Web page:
Prince Andrew's lawyers have urged a judge to dismiss a civil sexual assault complaint against him. This was after a court document revealed that his accuser received a $500,000 payment from convicted sex offender Jeffrey Epstein in 2009. He likewise pledged not to sue him or any other "potential defendant."

People Magazine, citing a 2009 document, said Virginia Roberts Giuffre agreed to "free, acquit, satisfy, and eternally discharge" Epstein and "any other person or business who could have been included as a possible defendant" after accepting the payment.

The Duke of York's lawyers contended that the settlement reached between his accuser and Epstein should prevent Giuffre from suing Prince Andrew.

The terms of the Florida settlement, however, are unrelated to Giuffre's continuing litigation against Queen Elizabeth's son, according to her lawyers.

"He could not have been a 'potential defendant' in the settled case against Jeffrey Epstein both because he was not subject to jurisdiction in Florida and because the Florida case involved federal claims to which he was not a part," Giuffre's lead lawyer, David Boies, said in the statement obtained by USA Today. "The actual parties to the release have made clear that Prince Andrew was not covered by it."

Judge Lewis A. Kaplan presided over the civil case's court hearing in New York, which began Tuesday morning.

After hearing arguments from both parties, the judge concluded the teleconference hearing and stated that he would make his judgment on whether or not to dismiss the matter "very shortly."

Last July, Giuffre filed a sexual assault complaint against Prince Andrew, stating that she was forced to have sex with him three times in London, New York, and on a private Caribbean island owned by Epstein between 1999 and 2002. The charges have been refuted by the king.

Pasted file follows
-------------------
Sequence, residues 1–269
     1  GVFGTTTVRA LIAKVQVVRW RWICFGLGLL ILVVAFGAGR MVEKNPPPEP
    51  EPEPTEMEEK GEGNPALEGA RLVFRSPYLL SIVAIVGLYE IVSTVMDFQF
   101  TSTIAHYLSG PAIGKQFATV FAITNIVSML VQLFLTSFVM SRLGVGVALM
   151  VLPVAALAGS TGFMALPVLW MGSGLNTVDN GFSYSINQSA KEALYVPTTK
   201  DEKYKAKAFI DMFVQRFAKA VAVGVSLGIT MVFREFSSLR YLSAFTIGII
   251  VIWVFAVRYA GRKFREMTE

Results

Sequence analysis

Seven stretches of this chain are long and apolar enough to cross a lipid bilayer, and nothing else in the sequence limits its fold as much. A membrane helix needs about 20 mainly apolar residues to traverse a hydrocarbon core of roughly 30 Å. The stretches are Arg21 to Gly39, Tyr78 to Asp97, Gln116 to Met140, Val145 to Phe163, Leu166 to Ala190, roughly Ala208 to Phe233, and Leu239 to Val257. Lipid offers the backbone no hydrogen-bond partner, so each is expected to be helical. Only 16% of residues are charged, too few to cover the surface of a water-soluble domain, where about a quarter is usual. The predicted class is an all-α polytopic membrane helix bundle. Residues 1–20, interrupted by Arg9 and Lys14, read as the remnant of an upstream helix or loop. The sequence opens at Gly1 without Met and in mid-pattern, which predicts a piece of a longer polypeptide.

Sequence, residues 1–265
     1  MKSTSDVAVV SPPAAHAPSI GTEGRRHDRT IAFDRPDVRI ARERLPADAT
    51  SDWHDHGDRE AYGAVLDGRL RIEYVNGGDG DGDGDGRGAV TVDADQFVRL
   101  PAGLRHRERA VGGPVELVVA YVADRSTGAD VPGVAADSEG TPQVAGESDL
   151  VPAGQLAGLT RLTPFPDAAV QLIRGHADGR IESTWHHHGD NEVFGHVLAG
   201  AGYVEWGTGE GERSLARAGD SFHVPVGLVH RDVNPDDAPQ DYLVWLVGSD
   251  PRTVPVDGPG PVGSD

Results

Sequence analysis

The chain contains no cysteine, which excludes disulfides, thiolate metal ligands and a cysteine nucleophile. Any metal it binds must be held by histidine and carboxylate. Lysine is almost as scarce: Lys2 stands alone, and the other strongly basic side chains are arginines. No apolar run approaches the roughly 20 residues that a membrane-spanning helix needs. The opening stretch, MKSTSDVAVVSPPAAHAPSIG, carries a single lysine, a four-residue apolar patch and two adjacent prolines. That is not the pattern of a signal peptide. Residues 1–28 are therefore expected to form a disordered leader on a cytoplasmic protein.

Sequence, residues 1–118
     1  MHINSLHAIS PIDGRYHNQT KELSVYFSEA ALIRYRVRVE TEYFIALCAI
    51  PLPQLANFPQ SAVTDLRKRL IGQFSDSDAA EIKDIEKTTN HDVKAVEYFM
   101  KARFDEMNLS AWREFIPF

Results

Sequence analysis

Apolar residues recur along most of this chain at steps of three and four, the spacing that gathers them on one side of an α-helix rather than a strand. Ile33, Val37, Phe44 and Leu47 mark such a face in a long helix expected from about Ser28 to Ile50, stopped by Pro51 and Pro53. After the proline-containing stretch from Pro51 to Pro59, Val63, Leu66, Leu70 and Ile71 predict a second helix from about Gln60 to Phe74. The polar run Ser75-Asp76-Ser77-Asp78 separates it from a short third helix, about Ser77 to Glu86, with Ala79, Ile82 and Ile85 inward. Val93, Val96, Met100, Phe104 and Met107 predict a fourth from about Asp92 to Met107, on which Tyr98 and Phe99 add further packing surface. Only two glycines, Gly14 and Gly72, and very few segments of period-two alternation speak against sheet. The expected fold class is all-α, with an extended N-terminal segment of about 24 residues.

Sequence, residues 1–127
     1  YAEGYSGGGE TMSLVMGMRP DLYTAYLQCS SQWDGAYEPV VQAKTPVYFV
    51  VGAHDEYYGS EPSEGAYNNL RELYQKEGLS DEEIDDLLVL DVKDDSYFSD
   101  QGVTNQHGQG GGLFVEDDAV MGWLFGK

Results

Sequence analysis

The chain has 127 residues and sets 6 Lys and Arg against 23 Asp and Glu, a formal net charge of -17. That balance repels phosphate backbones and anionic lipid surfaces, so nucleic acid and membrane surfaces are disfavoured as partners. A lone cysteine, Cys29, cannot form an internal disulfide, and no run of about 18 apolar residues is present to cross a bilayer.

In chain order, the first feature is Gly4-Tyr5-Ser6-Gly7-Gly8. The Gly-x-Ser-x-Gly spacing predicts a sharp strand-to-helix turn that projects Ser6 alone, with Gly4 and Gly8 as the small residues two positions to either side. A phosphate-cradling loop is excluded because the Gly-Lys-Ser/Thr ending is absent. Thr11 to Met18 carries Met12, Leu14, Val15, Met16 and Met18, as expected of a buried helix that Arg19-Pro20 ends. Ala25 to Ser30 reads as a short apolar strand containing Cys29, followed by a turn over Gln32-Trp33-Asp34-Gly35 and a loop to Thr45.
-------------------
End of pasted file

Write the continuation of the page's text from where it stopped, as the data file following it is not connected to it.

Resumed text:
Prince Andrew's lawyers contested Giuffre's residency status last month in an attempt to have her action against him dismissed.

The prince's lawyers contended that the New York court lacks jurisdiction over her legal complaint against him because she is not a United States citizen. They demanded that the lawsuit be dropped since his accuser is "domiciled in Australia," according to court documents obtained by The Guardian.

Despite Giuffre's claim in her complaint that she is a Colorado resident, "proof" revealed that she had lived in Australia for all but two of the last 19 years, according to Prince Andrew's lawyer Andrew Brettler.

Both parties in a case cannot be foreign citizens, according to federal court rules.

In a statement to Rolling Stone, Giuffre's lawyer, Sigrid McCawley, stated that this was just another in a series of repetitive attempts by Prince Andrew to duck and skirt the legal merits of the lawsuit Virginia Giuffre has made against him.

Prince Andrew
Subsequently, Prince Andrew’s lawyers gathered for emergency talks overnight after Maxwell's conviction as the senior royal is accused by Virginia Roberts Giuffre of sexually abusing her when she was 17. Giuffre ultimately claimed she was trafficked by Epstein and Maxwell. Lillian Suwanrumpha/Getty Images

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